WND had reported weeks earlier when the IRS delayed approval of a tax-exempt status for the private organization and was reviewing its educational work after explaining it must be examined by Washington because its activities may “contradict the administration’s public policies.”

That allegation was contained in a federal lawsuit filed in the Eastern District of Pennsylvania by Z Street, a Merion Station, Pa., group that educates on the statehood and status of Israel.

Subsequently, Jerome M. Marcus, an attorney for Z Street, revealed to WND that additional documents were found demonstrating the IRS has moved “beyond the pale” by cracking down on education groups that focus on Israel.

Marcus said such “viewpoint discrimination” is a violation of the First Amendment. He said the evidence suggested that it was a formal policy of the IRS to pursue such groups.

Marcus wrote at the time: “As detailed in the Declaration of Jerome M. Marcus, Z STREET’s counsel in this case, after the instant Complaint was filed, Plaintiff learned that another organization – this one simply Jewish and without any publicly stated positions on political issues affecting the State of Israel – applied for a charitable exemption. While the application was pending, its representative received a letter from the IRS, all but the first page of which appears as Exhibit 1 to Mr. Marcus’s declaration. The letter, sent not by Agent Gentry, who was handling Plaintiff’s application, but by a different IRS agent, inquires of the applicant: ‘Does your organization support the existence of the land of Israel? Describe your organization’s religious belief system towards the land of Israel.’”

Marcus continued, “Can one imagine that an application for tax exemption could – constitutionally – be affected in any conceivable way by the answer to these questions?”

Yet during the later elections, especially 2012, questions from the IRS even included what were the contents of the prayers of organization members, what did they say on Facebook, with whom did they meet and what did they intend to say.

The IRS at the time said it was executing its “Israel Special Policy” which agent Diane Gentry informed Marcus about orally during talks about the non-profit application.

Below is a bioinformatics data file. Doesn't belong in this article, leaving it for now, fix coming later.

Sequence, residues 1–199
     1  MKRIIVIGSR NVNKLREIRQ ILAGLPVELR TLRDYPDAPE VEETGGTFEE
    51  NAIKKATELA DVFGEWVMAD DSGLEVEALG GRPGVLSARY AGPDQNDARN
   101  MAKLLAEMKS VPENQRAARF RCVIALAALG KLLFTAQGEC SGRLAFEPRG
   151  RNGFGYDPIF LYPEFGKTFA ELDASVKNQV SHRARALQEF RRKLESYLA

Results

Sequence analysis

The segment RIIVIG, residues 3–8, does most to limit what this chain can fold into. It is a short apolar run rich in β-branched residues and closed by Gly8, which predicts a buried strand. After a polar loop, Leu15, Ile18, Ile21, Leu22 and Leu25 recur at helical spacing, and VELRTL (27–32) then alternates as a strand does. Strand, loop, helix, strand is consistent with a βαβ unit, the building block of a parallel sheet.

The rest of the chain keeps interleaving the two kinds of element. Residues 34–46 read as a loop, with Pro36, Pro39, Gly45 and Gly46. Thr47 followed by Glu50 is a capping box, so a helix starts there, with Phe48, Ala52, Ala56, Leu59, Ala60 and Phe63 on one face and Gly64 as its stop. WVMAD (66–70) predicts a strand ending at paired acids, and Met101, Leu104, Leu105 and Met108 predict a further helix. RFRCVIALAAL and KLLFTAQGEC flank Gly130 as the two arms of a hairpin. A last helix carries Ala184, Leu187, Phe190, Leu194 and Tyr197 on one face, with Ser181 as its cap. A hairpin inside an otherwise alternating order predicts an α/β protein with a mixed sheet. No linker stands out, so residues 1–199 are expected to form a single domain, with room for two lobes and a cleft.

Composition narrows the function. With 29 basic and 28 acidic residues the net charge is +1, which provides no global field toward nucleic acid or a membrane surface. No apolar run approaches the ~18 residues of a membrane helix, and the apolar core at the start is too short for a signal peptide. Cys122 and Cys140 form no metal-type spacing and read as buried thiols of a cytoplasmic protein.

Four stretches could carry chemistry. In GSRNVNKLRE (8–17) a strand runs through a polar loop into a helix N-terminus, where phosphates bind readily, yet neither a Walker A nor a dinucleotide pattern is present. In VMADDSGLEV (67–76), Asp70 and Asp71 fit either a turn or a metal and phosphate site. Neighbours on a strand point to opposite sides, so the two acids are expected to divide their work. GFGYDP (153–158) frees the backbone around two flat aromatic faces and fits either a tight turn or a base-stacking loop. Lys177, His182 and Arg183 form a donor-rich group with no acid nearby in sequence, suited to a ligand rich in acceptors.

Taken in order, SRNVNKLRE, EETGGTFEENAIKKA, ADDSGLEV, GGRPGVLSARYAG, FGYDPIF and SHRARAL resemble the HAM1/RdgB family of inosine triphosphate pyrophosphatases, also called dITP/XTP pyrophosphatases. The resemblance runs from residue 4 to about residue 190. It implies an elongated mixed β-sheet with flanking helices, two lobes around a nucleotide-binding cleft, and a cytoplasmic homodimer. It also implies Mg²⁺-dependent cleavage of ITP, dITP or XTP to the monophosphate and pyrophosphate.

“This is not an appropriate inquiry – what are your religious beliefs,” Marcus told WND at the time. “As long as one’s beliefs are factually based, IRS has no business questioning them. Inquiring into the substance of one’s political beliefs is beyond the pale. It’s pure viewpoint discrimination and a violation of the First Amendment.”

Lori Lowenthal-Marcus, founder of Z Street, said then in an interview that the group was formally organized during the summer of 2009 and applied for charitable tax-exempt status from IRS. The IRS’ delay in granting 501(c)3 status “damaged” the fundraising of the group, as large donors usually want their donations to be tax deductible.

Even tax law professors were outraged, according to a posting on the blog for tax lawyer and professors which asks, “Is failure to support Obama administration’s foreign policy grounds to deny tax exempt status?”

The Jewish Press said the conclusions were disturbing.

“Folks, this is nightmare territory, except, it turns out, all your nightmares have been real. The U.S. may declare its friendship to ‘the Jewish States’ night and day, but when it comes down to the reality of tax exemptions, you’ll get better treatment if you’re associated with Hamas than with right-wing issues in Israel.

“This is Venezuelan style democracy, folks. And the fact that the IRS auditor was citing it matter-of-fact like, suggests it was actual policy, and, as such, a blatant violation of every known democratic principle.”